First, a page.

The India-based startup Kaaya Tech is trying to create the ultimate in mixed reality wearables: a full-body HoloSuit with points of articulation that can accurately track the body in a variety of motions. Using pants, a jacket, and gloves, the HoloSuit can collect data about the way we move and create meaningful and accurate simulations.
The suit is still in development, but a new application shows off what’s possible and what the company hopes that mixed reality can do for athletics.
The HoloSuit is an amazing piece of technology that relies on wireless protocols to transfer and relay data, specifically Bluetooth. Bluetooth is frequently used in short-range transmissions because of its battery saving capabilities. The suit also benefits from a greater capability to interface with any device. In other words, not just the headset, but a handheld device like a phone too. Real-time statistics, anyone?
The suit promises 8 hours of battery life, which is better than what TPCast is promising for its wireless option on the Vive. As a technology aficionado, I question the accuracy of this statement and would be anxious for some testing in the field to confirm how they’ve arrived at that measurement. I suspect that kind of battery life is for independent use of the suit, not paired with any kind of device.
That said, the suit does appear to be shock free and sweat proof, suggesting that Kaaya wants this suit used in the real world as often as possible.
The Golf game is part of a suite of trainer games that the company envisions its clients will use to train at certain athletics. Golf is an extremely demanding game, even if not physically demanding. It requires endurance, mental fortitude and the ability to maintain perfect form. Golf swings feel extremely awkward to the uninitiated (protip: that’s how you know you’re doing it right).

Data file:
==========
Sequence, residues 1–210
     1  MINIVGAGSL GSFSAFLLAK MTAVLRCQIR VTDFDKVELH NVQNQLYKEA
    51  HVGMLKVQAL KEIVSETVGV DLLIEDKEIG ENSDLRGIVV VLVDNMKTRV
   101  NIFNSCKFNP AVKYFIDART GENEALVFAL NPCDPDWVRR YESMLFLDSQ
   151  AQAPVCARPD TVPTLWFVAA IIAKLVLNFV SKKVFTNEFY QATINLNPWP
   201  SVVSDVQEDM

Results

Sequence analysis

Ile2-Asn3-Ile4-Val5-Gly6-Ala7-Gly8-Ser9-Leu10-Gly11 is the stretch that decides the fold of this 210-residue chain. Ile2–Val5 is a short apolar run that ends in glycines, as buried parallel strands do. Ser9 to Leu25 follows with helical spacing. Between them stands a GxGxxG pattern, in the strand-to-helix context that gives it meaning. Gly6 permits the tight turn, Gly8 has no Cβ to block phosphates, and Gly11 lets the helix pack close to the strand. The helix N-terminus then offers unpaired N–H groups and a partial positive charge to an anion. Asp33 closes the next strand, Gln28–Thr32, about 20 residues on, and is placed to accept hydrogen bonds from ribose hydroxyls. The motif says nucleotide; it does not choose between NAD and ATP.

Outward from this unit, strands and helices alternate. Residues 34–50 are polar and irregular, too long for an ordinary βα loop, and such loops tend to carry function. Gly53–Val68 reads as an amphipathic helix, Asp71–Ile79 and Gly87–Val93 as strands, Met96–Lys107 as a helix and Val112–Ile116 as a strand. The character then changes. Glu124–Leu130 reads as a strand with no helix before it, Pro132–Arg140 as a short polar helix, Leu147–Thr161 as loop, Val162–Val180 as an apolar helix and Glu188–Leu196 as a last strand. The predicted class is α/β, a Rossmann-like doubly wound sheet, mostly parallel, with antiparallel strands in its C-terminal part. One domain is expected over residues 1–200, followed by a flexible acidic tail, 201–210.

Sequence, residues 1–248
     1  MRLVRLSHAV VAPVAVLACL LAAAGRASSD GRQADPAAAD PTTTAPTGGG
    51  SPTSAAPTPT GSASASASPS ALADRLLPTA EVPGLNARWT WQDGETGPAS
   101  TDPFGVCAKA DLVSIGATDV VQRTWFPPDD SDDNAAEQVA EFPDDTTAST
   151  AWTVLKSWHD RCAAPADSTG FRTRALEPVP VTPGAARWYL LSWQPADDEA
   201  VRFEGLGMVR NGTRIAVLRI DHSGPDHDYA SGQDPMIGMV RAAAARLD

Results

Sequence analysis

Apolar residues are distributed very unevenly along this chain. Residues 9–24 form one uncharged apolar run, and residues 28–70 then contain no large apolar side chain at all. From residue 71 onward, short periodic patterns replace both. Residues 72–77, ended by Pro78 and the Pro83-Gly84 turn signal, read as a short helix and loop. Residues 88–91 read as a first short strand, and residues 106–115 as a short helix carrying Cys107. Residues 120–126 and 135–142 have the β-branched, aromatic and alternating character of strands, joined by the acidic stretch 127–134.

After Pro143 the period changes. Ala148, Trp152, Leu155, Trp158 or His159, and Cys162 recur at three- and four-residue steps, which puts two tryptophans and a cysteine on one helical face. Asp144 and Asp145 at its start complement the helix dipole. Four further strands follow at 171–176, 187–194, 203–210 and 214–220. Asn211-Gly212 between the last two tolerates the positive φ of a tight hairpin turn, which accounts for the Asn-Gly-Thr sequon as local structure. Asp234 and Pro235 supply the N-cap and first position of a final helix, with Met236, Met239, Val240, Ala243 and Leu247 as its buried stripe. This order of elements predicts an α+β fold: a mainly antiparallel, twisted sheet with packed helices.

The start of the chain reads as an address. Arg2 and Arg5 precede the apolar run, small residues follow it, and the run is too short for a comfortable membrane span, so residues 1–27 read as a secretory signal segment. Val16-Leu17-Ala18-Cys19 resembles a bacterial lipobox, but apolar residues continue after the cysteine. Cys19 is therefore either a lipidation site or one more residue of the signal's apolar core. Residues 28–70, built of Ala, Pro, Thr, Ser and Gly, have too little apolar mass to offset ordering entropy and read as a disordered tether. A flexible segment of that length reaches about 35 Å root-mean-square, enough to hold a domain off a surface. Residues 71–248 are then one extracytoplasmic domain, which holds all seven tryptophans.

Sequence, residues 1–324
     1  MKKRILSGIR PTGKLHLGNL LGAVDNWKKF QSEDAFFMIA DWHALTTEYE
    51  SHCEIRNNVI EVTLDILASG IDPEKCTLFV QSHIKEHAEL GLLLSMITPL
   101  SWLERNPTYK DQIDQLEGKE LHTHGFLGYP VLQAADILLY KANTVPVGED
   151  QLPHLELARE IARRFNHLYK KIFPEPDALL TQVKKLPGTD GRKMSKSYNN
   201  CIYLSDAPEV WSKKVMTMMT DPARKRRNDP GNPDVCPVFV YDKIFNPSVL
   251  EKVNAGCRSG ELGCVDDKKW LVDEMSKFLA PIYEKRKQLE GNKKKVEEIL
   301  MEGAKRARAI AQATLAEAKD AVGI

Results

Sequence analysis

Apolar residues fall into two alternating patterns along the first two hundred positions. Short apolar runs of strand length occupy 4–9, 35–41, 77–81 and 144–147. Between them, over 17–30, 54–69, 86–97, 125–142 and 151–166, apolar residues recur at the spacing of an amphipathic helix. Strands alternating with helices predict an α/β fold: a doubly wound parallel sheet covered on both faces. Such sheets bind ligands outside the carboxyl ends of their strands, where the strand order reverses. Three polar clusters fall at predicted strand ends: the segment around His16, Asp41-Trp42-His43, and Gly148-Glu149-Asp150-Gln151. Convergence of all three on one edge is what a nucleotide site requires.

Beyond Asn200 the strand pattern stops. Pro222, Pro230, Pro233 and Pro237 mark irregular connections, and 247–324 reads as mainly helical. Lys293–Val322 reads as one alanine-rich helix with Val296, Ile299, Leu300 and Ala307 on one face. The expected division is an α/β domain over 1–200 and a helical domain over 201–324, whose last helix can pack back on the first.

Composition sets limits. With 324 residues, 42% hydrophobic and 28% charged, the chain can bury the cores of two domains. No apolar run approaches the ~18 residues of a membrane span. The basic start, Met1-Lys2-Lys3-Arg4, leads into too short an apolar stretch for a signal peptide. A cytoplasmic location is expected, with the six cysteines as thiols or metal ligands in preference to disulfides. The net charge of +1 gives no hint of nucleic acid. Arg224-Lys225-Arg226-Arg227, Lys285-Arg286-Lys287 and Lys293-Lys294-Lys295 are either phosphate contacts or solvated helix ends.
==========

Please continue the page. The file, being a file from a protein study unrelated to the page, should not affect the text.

HoloSuit Golf will track and visualize the movements in your swing. It will then offer some pointers on what you can do to correct inconsistencies and problems you may have developed over the years. At the moment, this is only stored in the cloud with automated suggestions available for users. The computer is “taught” to know what to look for and will urge you to meet those standards, but future simulations will incorporate specific trainers who will offer a more personalized approach to coaching your swing.
Simply put, this is huge. Especially if you’re an amateur golfer looking to find your niche. Offering golf lessons to anyone in the world just became an option when both of you are wearing this suit. If you’re trying to improve your game, then HoloSuit offers an immersive means of practice with completely realistic feedback on ball physics. The suit can look at your motions and translate them into the virtual world, or even replay your day by tracking your motions on the course as you wore the suit.
Drawbacks and Considerations
There are a few drawbacks to this suit in its current stage that go beyond the claims of battery life. The first is that it’s not a very attractive piece of kit. Gloves are one-size fits all and not as aesthetically pleasing as some of the other haptic suits we’ve seen. It does look pretty great with a Vader mask, and the company is offering different colors, but it needs a fashion designer touch to be a truly refined product. The kit also looks bulky, which isn’t a problem in climate controlled spaces. Outside of testing at a lab, how would the user avoid overheating? Shockproof or not, if my body can only handle an hour in the suit before I overheat, then I’m not sure I can collect meaningful data with it.
However, we do have to offer some credit. This suit is attempting to track more than your average haptic suit and is still in its early design stages. It’s also incredibly affordable at $500 for the full kit, and it comes packaged with a small suite of applications you can test right now. Consider the tech: full motion tracking with cloud storage of your data and visualizations? This is a new kind of VR experience on par with enterprise applications like STRIVR, only available now and at the consumer level.
Will we see HoloSuits on the golf course this year? Perhaps. But we’re more likely to see them used privately in our homes. There’s a lot of ground to cover: from rendering individual courses so you can play anywhere in the world, to creating and connecting a network of professional trainers that will enhance the experience.
Early work on the HoloSuit looks very promising. If the claims of battery life are true, and the suit gets a bit more refinement, this might be the killer mixed reality accessory of 2018.